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According to redox rules, column 2 elements (alkali earth metals) have an oxidation number of +2, but in this reaction: $\ce{Ba + Cl2 -> BaCl2}$, the oxidation number of $\ce{Ba}$ changes from $0$ on the left to $+2$ on the right instead of starting from $0$ on the left. Why is this?

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Alkaline earth metals have oxidation state of +2 when they are combined with nonmetals in compounds, such as in $\ce{BaCl2}$. In $\ce{BaCl2}$ the oxidation state of barium is +2 and the oxidation state of chlorine is -1. Since $\ce{BaCl2}$ is also a binary ionic compound, these oxidation states correspond to the charges on the ions: $\ce{Ba^2+}$ and $\ce{Cl-}$.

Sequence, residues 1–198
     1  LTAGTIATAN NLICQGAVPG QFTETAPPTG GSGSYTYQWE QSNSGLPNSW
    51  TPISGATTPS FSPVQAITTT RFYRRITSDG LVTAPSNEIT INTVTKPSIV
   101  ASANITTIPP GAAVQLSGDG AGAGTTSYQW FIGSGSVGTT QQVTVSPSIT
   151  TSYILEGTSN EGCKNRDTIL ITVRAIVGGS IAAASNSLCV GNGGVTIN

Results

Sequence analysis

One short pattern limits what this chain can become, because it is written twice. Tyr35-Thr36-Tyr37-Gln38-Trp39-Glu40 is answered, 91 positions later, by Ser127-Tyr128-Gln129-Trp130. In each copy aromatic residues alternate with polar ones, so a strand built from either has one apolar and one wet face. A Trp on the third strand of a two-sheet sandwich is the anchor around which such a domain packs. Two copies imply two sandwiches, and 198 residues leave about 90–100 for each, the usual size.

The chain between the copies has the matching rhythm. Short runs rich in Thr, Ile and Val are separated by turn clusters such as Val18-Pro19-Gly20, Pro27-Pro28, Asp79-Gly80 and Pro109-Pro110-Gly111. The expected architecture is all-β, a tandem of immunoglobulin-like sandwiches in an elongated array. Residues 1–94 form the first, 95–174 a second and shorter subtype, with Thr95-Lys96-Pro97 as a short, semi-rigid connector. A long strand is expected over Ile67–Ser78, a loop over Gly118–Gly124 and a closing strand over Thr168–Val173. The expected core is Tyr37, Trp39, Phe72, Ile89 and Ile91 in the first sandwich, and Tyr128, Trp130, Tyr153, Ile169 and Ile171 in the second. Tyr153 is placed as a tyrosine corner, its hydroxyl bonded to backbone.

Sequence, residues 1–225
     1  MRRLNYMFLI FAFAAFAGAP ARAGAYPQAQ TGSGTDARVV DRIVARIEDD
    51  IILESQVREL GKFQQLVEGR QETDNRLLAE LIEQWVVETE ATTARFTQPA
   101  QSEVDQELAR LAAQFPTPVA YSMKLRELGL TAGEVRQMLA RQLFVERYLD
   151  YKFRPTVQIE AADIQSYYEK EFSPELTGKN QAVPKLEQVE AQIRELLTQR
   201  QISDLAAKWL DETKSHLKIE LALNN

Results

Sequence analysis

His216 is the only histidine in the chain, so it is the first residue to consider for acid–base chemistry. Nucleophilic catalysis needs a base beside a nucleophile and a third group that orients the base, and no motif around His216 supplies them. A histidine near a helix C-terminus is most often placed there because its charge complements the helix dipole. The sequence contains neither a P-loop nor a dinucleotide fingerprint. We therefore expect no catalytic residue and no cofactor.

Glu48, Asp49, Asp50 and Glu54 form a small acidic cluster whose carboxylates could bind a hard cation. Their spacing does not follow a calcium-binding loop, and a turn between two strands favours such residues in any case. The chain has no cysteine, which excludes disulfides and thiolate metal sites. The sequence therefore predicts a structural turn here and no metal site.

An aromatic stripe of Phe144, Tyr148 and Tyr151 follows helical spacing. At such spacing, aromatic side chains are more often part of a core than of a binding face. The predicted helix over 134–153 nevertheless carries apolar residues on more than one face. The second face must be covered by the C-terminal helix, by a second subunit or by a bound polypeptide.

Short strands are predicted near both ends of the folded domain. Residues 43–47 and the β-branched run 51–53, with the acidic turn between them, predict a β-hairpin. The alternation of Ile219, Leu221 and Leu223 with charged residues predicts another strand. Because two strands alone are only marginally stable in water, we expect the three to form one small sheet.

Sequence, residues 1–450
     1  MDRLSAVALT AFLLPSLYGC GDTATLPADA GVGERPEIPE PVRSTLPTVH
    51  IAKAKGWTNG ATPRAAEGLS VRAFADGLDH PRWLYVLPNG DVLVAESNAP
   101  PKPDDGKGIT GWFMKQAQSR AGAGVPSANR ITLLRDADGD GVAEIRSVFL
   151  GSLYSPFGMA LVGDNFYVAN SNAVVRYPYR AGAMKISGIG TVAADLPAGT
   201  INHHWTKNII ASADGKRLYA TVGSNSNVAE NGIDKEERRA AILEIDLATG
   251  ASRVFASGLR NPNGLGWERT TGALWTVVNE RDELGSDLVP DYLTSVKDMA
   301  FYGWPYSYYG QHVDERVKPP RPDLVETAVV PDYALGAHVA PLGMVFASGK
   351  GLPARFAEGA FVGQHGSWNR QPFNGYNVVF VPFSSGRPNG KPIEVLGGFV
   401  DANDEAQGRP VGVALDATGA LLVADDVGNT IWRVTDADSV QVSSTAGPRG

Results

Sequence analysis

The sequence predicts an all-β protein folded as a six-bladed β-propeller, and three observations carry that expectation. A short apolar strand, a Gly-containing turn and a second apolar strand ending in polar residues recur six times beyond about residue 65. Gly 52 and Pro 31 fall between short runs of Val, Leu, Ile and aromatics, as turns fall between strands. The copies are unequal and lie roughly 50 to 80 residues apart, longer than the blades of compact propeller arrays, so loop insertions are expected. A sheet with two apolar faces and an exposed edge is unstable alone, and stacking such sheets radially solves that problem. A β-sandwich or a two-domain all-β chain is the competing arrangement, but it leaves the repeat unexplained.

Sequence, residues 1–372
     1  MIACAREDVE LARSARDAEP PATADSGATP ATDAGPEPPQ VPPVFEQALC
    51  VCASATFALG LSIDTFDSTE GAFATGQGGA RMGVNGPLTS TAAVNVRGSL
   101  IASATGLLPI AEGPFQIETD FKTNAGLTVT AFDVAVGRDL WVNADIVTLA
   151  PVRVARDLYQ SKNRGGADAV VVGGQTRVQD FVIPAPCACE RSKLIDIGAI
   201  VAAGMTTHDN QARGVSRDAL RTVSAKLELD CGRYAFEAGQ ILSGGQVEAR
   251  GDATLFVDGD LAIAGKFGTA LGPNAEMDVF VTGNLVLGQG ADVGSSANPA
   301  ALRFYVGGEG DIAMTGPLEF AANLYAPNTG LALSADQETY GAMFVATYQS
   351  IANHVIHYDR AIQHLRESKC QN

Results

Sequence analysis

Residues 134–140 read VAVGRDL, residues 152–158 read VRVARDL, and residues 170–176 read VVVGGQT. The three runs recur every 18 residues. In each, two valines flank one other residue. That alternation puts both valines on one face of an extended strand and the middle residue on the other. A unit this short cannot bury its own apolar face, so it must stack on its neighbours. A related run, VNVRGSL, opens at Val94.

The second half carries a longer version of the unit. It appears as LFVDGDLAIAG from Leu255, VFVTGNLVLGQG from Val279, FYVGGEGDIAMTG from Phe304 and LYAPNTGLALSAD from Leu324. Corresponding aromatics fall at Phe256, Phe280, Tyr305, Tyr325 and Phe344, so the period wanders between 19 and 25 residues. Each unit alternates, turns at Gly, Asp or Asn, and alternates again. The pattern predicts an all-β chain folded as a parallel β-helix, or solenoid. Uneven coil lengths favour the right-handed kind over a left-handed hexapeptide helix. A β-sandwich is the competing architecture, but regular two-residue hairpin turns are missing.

On the left side of the equation, barium and chlorine are present in their elemental form, and, by definition, both have oxidation state of 0.

The rules that you are referring to are for atoms in compounds, not in pure elements.

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